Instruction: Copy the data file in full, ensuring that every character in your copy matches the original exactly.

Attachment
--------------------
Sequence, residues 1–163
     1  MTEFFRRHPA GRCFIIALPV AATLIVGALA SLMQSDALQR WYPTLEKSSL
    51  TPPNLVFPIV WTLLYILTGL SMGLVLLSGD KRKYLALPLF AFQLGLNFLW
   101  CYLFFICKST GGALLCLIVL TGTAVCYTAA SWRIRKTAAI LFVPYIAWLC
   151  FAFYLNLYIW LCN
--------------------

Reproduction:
Sequence, residues 1–163
     1  MTEFFRRHPA GRCFIIALPV AATLIVGALA SLMQSDALQR WYPTLEKSSL
    51  TPPNLVFPIV WTLLYILTGL SMGLVLLSGD KRKYLALPLF AFQLGLNFLW
   101  CYLFFICKST GGALLCLIVL TGTAVCYTAA SWRIRKTAAI LFVPYIAWLC
   151  FAFYLNLYIW LCN